“In the words of philosopher George Santayana: ‘Those who cannot remember the past are condemned to repeat it.’ To understand the events happening now in Ukraine for example, it is necessary to understand the events of the Second World War and its aftermath. Yet in a recent study only around six percent of young people said they had any interest in historical events. These events are ancient history. They happened last century, they happened last millennium! Young people struggle to understand the relevance of historical events to their modern, social-media dominated lives.

For this reason I cannot overstate the importance of the ARA CYA Historical Novel Prize in encouraging writers like myself to bring history to vivid life for young readers, to ensure the lessons of the past are not forgotten.”

Our Violent Ends by Chloe Gong 

(Hachette New Zealand)

About Chloe Gong

Chloe Gong is a student at the University of Pennsylvania, studying English and international relations. During her breaks, she’s either at home in New Zealand or visiting her many relatives in Shanghai. Chloe has been known to mysteriously appear when ‘Romeo and Juliet is one of Shakespeare’s best plays and doesn’t deserve its slander in pop culture’ is chanted into a mirror three times. For further information, visit:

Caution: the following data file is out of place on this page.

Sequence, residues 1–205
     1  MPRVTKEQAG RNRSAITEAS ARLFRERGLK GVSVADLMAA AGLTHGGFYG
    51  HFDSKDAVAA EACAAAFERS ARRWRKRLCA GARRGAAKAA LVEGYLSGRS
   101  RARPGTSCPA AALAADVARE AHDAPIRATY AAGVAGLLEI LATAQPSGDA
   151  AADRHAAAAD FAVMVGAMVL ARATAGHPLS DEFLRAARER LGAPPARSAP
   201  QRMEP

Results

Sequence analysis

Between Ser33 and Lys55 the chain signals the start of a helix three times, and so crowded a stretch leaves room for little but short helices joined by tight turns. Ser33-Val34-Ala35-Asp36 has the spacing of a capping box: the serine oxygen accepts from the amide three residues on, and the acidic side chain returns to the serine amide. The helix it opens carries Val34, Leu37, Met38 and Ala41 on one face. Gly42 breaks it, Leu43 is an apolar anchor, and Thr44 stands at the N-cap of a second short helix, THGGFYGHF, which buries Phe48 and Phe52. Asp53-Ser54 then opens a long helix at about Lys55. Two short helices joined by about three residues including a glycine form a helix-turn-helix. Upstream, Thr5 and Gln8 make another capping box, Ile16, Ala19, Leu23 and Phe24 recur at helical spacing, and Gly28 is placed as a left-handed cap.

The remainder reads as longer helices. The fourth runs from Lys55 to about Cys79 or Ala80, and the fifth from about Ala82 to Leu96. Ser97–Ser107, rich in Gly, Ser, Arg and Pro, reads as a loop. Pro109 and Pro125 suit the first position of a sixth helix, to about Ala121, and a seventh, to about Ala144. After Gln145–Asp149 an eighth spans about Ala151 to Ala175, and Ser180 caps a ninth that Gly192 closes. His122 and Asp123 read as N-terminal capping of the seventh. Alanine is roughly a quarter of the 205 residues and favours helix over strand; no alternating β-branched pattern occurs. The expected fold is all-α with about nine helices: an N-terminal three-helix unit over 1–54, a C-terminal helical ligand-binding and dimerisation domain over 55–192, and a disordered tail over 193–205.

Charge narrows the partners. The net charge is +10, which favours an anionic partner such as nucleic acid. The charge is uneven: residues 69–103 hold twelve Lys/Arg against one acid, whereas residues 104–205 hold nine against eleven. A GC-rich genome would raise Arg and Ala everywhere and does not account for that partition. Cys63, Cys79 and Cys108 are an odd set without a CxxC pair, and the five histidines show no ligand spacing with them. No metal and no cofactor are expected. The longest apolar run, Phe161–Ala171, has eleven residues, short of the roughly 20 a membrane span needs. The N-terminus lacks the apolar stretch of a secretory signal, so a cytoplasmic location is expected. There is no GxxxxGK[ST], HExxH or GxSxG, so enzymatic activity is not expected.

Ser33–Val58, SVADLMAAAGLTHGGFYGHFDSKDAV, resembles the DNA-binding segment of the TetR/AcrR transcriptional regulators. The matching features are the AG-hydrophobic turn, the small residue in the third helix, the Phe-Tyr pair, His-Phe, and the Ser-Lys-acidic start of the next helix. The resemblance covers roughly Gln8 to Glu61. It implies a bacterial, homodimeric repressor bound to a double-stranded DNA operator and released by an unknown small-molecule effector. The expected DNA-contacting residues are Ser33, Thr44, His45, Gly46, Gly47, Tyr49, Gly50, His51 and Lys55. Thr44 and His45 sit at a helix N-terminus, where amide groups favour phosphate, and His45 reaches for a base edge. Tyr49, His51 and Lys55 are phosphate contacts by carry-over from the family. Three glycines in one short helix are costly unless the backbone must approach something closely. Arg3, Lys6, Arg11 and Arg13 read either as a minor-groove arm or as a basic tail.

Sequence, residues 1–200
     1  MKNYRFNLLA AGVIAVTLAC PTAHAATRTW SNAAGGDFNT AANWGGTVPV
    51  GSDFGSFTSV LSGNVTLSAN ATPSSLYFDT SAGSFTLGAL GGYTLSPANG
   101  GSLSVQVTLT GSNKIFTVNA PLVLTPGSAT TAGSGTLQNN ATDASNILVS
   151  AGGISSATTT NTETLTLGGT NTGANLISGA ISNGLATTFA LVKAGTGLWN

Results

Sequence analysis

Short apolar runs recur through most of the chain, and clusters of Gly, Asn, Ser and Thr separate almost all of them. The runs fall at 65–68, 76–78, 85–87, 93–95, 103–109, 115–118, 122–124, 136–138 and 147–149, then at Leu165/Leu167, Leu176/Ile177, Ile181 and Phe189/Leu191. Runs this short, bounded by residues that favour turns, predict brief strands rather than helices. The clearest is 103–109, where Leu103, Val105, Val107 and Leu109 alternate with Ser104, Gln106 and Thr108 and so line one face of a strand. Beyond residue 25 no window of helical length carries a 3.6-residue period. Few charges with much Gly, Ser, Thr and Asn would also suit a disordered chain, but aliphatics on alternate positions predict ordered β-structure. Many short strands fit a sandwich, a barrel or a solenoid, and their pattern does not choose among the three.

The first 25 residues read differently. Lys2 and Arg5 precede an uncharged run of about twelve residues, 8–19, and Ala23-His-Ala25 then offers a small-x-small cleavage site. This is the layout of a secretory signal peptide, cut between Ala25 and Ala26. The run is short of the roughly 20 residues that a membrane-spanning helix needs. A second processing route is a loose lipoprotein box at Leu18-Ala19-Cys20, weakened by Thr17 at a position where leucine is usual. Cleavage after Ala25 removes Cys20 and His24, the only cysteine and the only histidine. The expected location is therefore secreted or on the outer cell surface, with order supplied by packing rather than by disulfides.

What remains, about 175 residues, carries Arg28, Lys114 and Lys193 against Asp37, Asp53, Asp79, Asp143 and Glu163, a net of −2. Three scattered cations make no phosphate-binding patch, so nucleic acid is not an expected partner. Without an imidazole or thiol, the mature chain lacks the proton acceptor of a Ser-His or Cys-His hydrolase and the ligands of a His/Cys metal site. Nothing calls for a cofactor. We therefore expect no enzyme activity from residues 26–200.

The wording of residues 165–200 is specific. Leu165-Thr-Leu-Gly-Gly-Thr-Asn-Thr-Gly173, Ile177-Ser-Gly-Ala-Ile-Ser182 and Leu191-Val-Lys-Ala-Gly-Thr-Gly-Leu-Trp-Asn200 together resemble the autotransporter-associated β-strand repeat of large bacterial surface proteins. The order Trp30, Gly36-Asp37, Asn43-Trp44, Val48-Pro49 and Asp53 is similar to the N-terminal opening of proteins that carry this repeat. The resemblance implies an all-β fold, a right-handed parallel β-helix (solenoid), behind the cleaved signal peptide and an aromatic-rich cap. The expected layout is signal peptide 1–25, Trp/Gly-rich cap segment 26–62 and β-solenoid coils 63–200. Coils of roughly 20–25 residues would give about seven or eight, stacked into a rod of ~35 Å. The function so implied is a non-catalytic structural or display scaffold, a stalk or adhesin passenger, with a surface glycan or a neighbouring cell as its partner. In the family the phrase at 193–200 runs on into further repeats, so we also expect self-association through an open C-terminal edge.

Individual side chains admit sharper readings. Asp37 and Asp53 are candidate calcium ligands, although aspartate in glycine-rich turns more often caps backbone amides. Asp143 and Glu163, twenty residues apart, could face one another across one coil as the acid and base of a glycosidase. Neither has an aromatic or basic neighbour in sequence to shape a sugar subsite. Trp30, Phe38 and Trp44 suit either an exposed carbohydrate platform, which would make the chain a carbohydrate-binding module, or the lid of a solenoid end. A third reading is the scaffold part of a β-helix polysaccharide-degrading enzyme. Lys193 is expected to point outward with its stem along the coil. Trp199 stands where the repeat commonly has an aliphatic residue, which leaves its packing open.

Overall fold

About Our Violent Ends

The year is 1927, and Shanghai teeters on the edge of revolution.

After sacrificing her relationship with Roma to protect him from the blood feud, Juliette has been a girl on the warpath. One wrong move, and her cousin will step into usurp her place as the Scarlet Gang’s heir. The only way to save the boy she loves from the wrath of the Scarlets is to have him want her dead for murdering his best friend in cold blood. If Juliette were actually guilty of the crime Roma believes she committed, his rejection might sting less.

Roma is still reeling from Marshall’s death, and his cousin Benedikt will barely speak to him. Roma knows it’s his fault for letting the ruthless Juliette back into his life, and he’s determined to set things right –  even if that means killing the girl he hates and loves with equal measure.

Then a new monstrous danger emerges in the city, and though secrets keep them apart, Juliette must secure Roma’s cooperation if they are to end this threat once and for all. 

A Quote from Chloe Gong